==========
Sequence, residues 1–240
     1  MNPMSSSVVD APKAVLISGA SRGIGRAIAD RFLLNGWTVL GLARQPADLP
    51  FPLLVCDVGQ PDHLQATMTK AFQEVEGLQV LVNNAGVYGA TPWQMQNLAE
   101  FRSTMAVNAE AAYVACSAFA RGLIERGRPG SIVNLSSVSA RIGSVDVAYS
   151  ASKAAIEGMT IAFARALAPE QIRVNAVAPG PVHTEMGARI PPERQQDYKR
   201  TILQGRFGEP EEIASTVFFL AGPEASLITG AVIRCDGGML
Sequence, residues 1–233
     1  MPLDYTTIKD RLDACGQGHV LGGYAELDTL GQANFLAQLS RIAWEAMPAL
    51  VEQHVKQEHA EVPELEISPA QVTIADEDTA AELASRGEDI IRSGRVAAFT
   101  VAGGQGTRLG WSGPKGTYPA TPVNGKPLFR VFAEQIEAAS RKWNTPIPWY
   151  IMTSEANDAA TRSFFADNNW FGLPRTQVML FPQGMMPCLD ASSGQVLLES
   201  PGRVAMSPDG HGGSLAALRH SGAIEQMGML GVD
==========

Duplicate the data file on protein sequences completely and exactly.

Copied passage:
Sequence, residues 1–240
     1  MNPMSSSVVD APKAVLISGA SRGIGRAIAD RFLLNGWTVL GLARQPADLP
    51  FPLLVCDVGQ PDHLQATMTK AFQEVEGLQV LVNNAGVYGA TPWQMQNLAE
   101  FRSTMAVNAE AAYVACSAFA RGLIERGRPG SIVNLSSVSA RIGSVDVAYS
   151  ASKAAIEGMT IAFARALAPE QIRVNAVAPG PVHTEMGARI PPERQQDYKR
   201  TILQGRFGEP EEIASTVFFL AGPEASLITG AVIRCDGGML
Sequence, residues 1–233
     1  MPLDYTTIKD RLDACGQGHV LGGYAELDTL GQANFLAQLS RIAWEAMPAL
    51  VEQHVKQEHA EVPELEISPA QVTIADEDTA AELASRGEDI IRSGRVAAFT
   101  VAGGQGTRLG WSGPKGTYPA TPVNGKPLFR VFAEQIEAAS RKWNTPIPWY
   151  IMTSEANDAA TRSFFADNNW FGLPRTQVML FPQGMMPCLD ASSGQVLLES
   201  PGRVAMSPDG HGGSLAALRH SGAIEQMGML GVD